If fans have long been expecting to see Korda in the final group on Sunday at a major, the same could not be said for Salas.  A Tour member for nearly a decade, the 31-year-old has carved out a steady career but was not on any pundit’s list of “best players who haven’t won a major.”  Her sole LPGA victory came in 2014 at Kingsmill.  But if she hasn’t claimed a bunch of titles Salas has been a steady performer.  Her resume includes membership on the last four Solheim Cup teams, and in 2019, prior to the pandemic, she had her most lucrative season on Tour, passing the $1 million mark in single-season earnings for the first time.  Still, she had only occasionally cracked the top-20 in the world rankings and had just four top-10 finishes in majors in forty-four starts prior to the PGA Championship.

Appropriately enough, this odd couple arrived at the top of the leader board in completely different ways.  Korda got there largely on the strength of a scorching second round 63, when she finished with six consecutive birdies and a 29 on the front side (her second nine).  She then extended that streak to eight straight sub-par holes by making birdie on the two opening holes of her third round.  For Salas, the story was one of consistency.  She began play on Sunday at 15-under par because she had signed for 5-under rounds of 67 on each of the tournament’s first three days.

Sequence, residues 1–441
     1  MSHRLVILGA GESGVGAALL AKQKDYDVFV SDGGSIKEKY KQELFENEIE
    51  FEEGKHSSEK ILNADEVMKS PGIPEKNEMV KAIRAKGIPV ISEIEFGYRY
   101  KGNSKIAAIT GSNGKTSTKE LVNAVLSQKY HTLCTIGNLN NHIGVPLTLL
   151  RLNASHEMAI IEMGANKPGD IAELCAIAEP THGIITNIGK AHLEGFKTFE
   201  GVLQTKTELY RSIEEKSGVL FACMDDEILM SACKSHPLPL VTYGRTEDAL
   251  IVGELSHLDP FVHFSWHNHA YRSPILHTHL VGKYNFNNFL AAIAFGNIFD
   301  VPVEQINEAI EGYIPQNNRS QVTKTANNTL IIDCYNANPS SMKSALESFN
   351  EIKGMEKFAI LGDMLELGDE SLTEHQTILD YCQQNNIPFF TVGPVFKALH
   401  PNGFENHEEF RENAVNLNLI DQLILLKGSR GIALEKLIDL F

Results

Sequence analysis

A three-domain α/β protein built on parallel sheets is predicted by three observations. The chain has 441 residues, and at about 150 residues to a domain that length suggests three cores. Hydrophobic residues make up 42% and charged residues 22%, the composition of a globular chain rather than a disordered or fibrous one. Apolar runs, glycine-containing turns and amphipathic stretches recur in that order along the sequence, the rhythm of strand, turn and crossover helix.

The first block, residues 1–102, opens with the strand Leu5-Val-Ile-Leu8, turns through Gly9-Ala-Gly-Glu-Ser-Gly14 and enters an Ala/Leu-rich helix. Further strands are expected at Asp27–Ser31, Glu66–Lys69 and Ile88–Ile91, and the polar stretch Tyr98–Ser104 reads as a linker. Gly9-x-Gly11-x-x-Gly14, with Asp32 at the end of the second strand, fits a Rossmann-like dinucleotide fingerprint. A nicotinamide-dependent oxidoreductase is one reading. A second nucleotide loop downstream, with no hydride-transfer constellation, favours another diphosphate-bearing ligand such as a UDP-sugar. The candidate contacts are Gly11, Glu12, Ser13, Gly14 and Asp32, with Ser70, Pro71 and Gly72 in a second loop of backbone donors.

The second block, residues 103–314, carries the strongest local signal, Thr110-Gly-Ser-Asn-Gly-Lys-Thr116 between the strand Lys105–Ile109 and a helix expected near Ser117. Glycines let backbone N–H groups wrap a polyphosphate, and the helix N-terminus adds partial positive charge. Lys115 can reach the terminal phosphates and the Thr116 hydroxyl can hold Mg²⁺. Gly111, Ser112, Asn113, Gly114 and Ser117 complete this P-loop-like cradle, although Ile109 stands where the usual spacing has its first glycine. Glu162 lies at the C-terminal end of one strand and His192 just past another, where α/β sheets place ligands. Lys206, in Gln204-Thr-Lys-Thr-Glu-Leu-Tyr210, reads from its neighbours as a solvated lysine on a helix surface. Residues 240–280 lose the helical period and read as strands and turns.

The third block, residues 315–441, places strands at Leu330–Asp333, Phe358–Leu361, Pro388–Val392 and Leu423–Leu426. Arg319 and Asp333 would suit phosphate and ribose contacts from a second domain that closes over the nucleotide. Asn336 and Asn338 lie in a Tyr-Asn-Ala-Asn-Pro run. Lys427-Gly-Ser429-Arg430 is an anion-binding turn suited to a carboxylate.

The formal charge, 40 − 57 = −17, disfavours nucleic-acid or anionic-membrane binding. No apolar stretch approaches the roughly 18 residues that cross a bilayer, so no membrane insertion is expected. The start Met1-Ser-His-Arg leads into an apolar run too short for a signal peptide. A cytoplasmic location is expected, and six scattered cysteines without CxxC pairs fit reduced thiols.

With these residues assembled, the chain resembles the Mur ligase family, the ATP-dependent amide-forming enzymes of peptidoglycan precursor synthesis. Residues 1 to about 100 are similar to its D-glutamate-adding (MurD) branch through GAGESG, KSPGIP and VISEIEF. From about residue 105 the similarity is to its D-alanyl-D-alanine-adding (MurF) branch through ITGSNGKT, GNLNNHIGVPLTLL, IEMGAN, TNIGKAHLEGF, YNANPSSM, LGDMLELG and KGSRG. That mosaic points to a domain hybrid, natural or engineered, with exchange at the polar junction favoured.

The scores through 54 holes suggested Sunday’s final round might turn into a match play event, and that is what it became when none of the already distant competitors managed to mount a charge against the top two.  Korda struck early with a display of power, drilling a 7-wood from 243 yards with her second shot on the par-5 5th hole.  The ball nearly went in, setting up a tap-in eagle.  Salas responded with a birdie of her own on the next hole, and the pair remained one stroke apart until the par-5 12th.  There Korda again used her length in decisive fashion.  After hammering a drive down the fairway she was able to reach the green in two with a 6-iron, while Salas was forced to lay up.  Unfortunately for the shorter hitting Salas, her third flew the green, leading to a bogey.  When Korda sank her putt for the second eagle on her scorecard, the one-shot edge ballooned to four. 

In the end the margin was three, and Nelly Korda now has her first major title.  In addition, the win will springboard her to the top of the world rankings, making Korda the first American at that pinnacle since Stacy Lewis in 2014.  Not surprisingly, the first person racing to congratulate Nelly after the final par putt fell was Jessica, whose own strong finish ensured that the sisters will be one-half of the four-member U.S. women’s Olympic golf team, along with Thompson and Danielle Kang.  Where only recently there was so much disappointment, suddenly things are looking up.